Herb latin name: Astragalus mongholicus


Family: Leguminosae



Medicinal use of Astragalus mongholicus:

The root is cardiotonic, diuretic and vasodilator. It is used in the treatment of spontaneous and night sweats, prolapse of the uterus and anus, abscesses and chronic ulcers, chronic nephritis with oedema and proteinuria. The roots contain astragalan - this has various effects on the body including aiding detoxification, increasing the function of humoral immunity (increasing the size of the spleen, increasing the production of plasma cells and antibodies and having an effect against immunosuppressants), increasing the production of macrophages and increasing bodily resistance.

Description of the plant:



Plant:
Perennial

Habitat of the herb:

Xerophytic scrub and larch forest, in the low and middle montane belts, on sand, stone, pebbles and rocky soils.

Propagation of Astragalus mongholicus:

Seed - best sown as soon as it is ripe in a cold frame. A period of cold stratification may help stored seed to germinate. Stored seed, and perhaps also fresh seed, should be pre-soaked for 24 hours in hot water before sowing - but make sure that you do not cook the seed. Any seed that does not swell should be carefully pricked with a needle, taking care not to damage the embryo, and re-soaked for a further 24 hours. Germination can be slow and erratic but is usually within 4 - 9 weeks or more at 13C if the seed is treated or sown fresh. As soon as it is large enough to handle, prick the seedlings out into individual pots and grow them on in the greenhouse for their first winter, planting them out into their permanent positions in late spring or early summer, after the last expected frosts.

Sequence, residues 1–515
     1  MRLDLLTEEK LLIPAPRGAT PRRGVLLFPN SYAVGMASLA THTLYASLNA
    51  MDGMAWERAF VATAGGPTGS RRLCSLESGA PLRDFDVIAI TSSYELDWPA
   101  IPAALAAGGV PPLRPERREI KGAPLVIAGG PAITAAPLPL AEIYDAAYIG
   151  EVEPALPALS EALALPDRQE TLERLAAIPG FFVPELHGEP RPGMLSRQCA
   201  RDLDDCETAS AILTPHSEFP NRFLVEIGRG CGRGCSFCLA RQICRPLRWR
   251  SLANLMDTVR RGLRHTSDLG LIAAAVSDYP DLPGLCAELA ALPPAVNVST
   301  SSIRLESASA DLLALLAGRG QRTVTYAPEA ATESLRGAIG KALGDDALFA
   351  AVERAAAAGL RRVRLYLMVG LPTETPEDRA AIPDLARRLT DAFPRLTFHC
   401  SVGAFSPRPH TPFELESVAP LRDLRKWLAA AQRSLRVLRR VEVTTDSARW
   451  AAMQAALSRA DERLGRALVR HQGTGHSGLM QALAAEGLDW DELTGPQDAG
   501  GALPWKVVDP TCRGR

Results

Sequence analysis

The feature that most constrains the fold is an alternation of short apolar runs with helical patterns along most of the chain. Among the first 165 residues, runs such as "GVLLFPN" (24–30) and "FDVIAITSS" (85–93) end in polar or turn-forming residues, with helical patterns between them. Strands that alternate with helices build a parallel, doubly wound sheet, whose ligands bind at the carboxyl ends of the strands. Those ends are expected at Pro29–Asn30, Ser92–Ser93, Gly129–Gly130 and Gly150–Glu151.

Cultivation of the herb:

Xerophytic scrub and larch forest, in the low and middle montane belts, on sand, stone, pebbles and rocky soils.

Known hazards of Astragalus mongholicus:

Many members of this genus contain toxic glycosides. All species with edible seedpods can be distinguished by their fleshy round or oval seedpod that looks somewhat like a greengage. A number of species can also accumulate toxic levels of selenium when grown in soils that are relatively rich in that element.

Plant information taken from the Plants For A Future.